• Geogrrl permalink
        January 24, 2011 6:50 am

        Bad taste…. Funny…. Poh-TAY-to, Poh-TAH-to.

        Really, it’s in no worse taste than many other Halloween costumes I’ve seen.

  4. January 21, 2011 4:41 am

    Another fabulous post. Love the photos :)

    This was my fave: “And why did I assume everyday clothing had to be boring — too boring to sew myself or spend much money on? Everyday clothing is, after all, what I spend every day in. Didn’t it deserve the kind of attention, imagination, enthusiasm and budget I’d formerly reserved for my showier sewing projects? Shouldn’t I be able to look and feel good at the office, around town, on the couch? Wouldn’t it be great to open my Normal Wardrobe every morning and see a bunch of garments I could get as excited about as the stuff in my Dress-up Chest?”

    Yes! That’s it. There’s an amen echoing across a continent and an ocean.

  5. Nicole permalink
    January 20, 2011 9:54 pm

    “Bear-mauled Palin” is an awesome costume. And from the profile there was a striking resemblance. Though the similarities end there, I’m certain.

  6. January 20, 2011 2:09 am

    These last two re-cap posts have been great! You have tidily summed up some of my very own thoughts about dressing for the life one actually lives. Thanks, it’s like additional mental support. I’ll be eagerly following this year’s progress.

    Oh, and clicking through links, I came across your link to B. Sterling’s last Viridian Note and was very intrigued. There too were echoes of my own thoughts, expanded, very intriguing.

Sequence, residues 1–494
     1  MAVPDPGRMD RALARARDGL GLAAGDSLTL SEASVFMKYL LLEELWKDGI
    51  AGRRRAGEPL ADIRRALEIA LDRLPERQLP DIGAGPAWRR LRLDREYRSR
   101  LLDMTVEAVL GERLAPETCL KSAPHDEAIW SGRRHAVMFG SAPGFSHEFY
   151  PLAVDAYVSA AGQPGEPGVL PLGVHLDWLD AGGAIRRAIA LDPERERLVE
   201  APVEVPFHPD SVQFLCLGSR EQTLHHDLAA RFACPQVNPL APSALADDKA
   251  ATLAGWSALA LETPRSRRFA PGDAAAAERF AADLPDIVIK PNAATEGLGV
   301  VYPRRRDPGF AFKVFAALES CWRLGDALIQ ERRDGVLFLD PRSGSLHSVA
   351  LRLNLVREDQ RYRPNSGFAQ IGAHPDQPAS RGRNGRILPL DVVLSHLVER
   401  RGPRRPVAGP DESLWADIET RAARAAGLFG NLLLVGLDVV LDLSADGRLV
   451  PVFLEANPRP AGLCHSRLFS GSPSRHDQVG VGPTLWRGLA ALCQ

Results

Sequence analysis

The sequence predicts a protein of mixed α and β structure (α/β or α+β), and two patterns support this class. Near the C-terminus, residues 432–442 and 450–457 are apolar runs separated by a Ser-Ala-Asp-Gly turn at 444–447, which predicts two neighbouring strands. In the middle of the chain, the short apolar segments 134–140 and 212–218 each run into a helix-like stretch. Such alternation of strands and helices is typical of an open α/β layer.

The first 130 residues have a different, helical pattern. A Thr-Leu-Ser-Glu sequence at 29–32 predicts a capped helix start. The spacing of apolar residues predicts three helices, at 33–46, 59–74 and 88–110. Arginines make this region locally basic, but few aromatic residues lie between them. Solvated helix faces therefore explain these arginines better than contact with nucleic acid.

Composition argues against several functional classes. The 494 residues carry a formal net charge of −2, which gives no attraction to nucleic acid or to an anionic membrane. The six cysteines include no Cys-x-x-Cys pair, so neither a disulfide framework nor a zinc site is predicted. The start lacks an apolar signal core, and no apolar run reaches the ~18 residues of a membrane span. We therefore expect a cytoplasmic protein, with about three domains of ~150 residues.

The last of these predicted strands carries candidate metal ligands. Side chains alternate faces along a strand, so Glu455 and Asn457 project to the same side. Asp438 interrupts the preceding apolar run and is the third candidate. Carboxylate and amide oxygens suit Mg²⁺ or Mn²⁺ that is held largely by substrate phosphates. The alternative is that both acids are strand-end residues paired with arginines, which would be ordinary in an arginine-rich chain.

7. January 19, 2011 6:29 pm

    I’ve really enjoyed these last couple of posts! The first one especially struck some major chords with me – both in terms of shopping and making clothes that fit into a very marginal part of my life. Let’s hear it for the everyday-wear!

    Participating in Self-Stitched-September last fall was really helpful in terms of not only pinpointing “my” style, but also what is lacking in my wardrobe. I have so many solid-colored things, which are great basics, but I can afford to have many more interesting pieces. Interesting in terms of maybe having a pattern, or some extra detailing like pintucks or gathers, but still very usable, non-offensive clothes.

    So happy to have you back, I so enjoy reading your posts, and I can’t wait to see the practical and tangible results of your year-long experiment!

  8. January 19, 2011 4:34 pm

    I really enjoyed these thoughtful summaries of the difference between fantasy and everyday wear.

    I think a lot about how the everyday can be enriched – rather than escaped from – through creativity. Your fashion project for 2011 sounds really life-enhancing and affirmative and I look forward to reading about how what you learned with the amazing “Fashion on a ration” project will expand your appreciation of everyday wear.

  9. January 19, 2011 1:30 pm